Tennessee CEAL uses community-engaged research to address misinformation and mistrust among diverse populations from rural Appalachia to Music City.
NIMHD Community Health and Population Sciences Feature Articles
Read about several NIMHD-supported community-based programs to promote health and prevent disease in diverse minority and health disparity populations.
The Georgia CEAL Team: Putting Communities at the Center of Public Health to Address COVID-19 Disparities
The Georgia CEAL team is working with community leaders and residents to provide accurate COVID-19 and vaccine information to thousands of people.
The National Institute on Minority Health and Health Disparities (NIMHD) hosted a two-day online workshop, “The Role of Work in Health Disparities in the United States,” to understand and address the role of work as a social determinant that contributes to health disparities.
Tax reauthorized based on data showing revenue redistribution is having positive community impact including better food options and health behaviors.
A series of studies on economic policy and births has found that more generous policies result in fewer babies with low birthweights.
Research funded by NIMHD discusses how dietary disparities are liked to increased cancer burden and food policies that would help addressing this issue.
NIMHD-supported community/academic partnership helps train mentors in the Apsáalooke (Crow) Nation to support others with chronic disease.
The epidemic of deaths from overdose of opioids and other drugs affects many types of people and communities across the United States.
Colorectal cancer is the third most common cancer in the United States and one of the top causes of cancer deaths.
Health from a trusted source: NIMHD-supported researchers partner with barbers to combat health disparities in the Black community around DC.
Tuskegee University in Tuskegee, Alabama, is a historically Black university with a long tradition of educating African American scholars.
Where people live can affect their health more than they realize. Air pollution is often worse in low-income areas compared with wealthy neighborhoods.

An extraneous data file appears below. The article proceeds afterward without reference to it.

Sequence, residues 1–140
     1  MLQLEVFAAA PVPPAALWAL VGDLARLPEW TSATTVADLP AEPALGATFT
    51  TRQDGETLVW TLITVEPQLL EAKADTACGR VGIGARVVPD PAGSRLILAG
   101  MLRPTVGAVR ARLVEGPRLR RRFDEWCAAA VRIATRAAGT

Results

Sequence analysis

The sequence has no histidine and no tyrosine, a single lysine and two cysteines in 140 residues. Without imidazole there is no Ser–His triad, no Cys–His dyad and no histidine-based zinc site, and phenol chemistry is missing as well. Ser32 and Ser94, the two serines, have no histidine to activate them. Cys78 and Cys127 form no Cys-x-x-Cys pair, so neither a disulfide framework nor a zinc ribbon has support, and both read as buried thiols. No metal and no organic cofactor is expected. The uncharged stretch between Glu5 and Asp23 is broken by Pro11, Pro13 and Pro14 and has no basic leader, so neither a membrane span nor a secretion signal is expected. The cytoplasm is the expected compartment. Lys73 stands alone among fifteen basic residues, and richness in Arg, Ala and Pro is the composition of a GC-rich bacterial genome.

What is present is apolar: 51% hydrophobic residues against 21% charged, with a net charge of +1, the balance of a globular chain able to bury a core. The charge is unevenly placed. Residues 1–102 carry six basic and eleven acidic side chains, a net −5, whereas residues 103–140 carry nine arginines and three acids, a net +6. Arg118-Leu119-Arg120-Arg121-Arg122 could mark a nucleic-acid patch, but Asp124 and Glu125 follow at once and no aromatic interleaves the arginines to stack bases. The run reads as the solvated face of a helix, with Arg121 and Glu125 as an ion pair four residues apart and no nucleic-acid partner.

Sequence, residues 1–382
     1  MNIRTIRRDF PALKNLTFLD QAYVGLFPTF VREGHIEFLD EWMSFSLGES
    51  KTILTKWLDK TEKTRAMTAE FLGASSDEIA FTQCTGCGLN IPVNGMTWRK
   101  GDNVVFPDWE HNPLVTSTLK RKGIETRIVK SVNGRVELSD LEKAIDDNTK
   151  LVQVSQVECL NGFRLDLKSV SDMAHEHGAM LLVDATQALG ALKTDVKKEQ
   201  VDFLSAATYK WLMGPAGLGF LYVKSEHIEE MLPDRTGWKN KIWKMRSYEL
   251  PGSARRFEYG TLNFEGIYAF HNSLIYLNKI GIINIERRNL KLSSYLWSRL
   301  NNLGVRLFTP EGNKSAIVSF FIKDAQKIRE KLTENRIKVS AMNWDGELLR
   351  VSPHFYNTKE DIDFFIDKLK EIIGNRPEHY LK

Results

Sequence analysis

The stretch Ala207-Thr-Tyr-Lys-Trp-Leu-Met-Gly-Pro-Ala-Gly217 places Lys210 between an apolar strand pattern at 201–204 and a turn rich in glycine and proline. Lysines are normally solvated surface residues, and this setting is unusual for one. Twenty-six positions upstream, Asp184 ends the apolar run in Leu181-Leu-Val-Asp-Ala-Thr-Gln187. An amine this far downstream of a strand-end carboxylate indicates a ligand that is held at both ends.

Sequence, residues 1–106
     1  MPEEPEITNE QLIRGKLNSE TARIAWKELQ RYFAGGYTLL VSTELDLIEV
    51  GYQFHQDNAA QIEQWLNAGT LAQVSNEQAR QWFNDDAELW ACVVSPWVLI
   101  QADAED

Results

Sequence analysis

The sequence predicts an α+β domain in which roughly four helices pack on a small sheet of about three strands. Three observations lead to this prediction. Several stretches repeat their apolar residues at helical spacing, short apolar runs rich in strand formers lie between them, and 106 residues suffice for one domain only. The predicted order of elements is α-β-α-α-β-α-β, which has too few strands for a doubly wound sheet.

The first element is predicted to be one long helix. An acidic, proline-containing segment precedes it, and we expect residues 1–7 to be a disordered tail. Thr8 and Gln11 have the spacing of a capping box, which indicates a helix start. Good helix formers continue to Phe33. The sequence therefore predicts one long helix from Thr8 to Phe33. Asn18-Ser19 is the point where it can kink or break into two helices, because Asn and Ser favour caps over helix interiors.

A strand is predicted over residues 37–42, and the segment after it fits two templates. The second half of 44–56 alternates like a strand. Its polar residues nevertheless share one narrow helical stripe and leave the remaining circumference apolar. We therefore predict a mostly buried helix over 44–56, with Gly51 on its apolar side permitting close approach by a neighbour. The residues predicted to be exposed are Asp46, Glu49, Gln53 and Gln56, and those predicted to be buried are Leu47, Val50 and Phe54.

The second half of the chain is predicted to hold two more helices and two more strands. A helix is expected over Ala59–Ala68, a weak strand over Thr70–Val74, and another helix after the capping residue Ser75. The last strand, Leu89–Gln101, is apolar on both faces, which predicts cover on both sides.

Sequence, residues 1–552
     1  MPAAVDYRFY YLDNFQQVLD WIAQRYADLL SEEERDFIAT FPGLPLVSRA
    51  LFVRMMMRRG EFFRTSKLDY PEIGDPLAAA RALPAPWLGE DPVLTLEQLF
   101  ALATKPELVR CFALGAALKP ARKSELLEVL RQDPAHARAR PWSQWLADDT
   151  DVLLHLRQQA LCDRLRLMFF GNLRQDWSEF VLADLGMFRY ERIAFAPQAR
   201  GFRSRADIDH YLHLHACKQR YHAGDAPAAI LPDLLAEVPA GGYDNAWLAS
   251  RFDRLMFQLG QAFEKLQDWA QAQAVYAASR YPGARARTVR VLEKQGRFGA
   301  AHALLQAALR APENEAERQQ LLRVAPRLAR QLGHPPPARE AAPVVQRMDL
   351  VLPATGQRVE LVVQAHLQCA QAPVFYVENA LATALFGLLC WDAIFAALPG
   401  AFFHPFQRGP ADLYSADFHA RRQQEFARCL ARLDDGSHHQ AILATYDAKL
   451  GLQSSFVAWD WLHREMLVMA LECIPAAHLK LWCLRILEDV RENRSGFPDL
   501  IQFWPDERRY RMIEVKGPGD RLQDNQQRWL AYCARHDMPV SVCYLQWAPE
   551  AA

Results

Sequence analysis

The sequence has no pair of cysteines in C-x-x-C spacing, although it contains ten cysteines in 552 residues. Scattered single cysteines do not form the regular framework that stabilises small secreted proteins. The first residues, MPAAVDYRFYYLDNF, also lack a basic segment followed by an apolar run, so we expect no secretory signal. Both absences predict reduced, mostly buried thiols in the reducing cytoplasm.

Fresh Food for the Osage Nation: Researchers and a Native Community Work Toward Improved Food Resources and Food Sovereignty
Chief Geoffrey Standing Bear and Assistant Chief Raymond Red Corn had a vision for their Osage—or Wah-Zha-Zhi—tribe. Their vision was to achieve food sovereignty and sustainable agriculture for the Osage Nation, a Native American tribe living in rural northeastern Oklahoma.
From a young age, growing up in rural northern Wisconsin and the Upper Peninsula of Michigan, Amy Kind, M.D., Ph.D., witnessed and understood how a person’s environment can influence their health—for better or for worse.
De Madre a Madre: Lay Health Educators Reach Out to Help Hispanic Women Successfully Navigate Pregnancy
Pregnancy and caring for newborns can be daunting times of life for new mothers, with unanticipated challenges and obstacles.
A study in Massachusetts has found that concentrations of two air pollutants, nitrogen dioxide and fine particulate matter, decreased significantly between 2003 and 2010, but African Americans and Hispanics living in the city continued to be exposed to a greater share of the pollutants than other racial and ethnic groups were.
Culture plays a substantial role in reducing disparities among American Indian and Alaska Native (AI/AN) populations; experts acknowledge culture’s critical importance to intervention success and sustainability.
The Native CARS (Native Children Always Ride Safe) Partnership: A Journey towards Improving Child Passenger Safety
In the early 2000s, Northwest Tribes were concerned about the impact of motor vehicle–related injuries and deaths on their communities.
An NIMHD-funded study is examining some of the factors, including poverty, that predict depression in patients with chronic disease.
The purpose of this initiative is to work with communities to use place-based interventions to improve health and prevent disease.
The Center for Native and Pacific Health Disparities Research Walks Beside, Not In Front of, Diverse Hawaiian Communities to Control Diabetes
Native Hawaiians are twice as likely to develop diabetes as Whites living in Hawaii and four times more likely to die of stroke. These are the kinds of health problems being addressed by the Center for Native and Pacific Health Disparities Research and its network of community partners.
The Bigger Picture campaign helps foster a community of youth activists and leaders with diabetes who speak out about their condition.
An NIMHD-supported study finds that the longer Filipino immigrants live in the U.S., the more likely they are to be obese – but only if they migrated before age 30.
More Feature Stories
Page updated August 12, 2021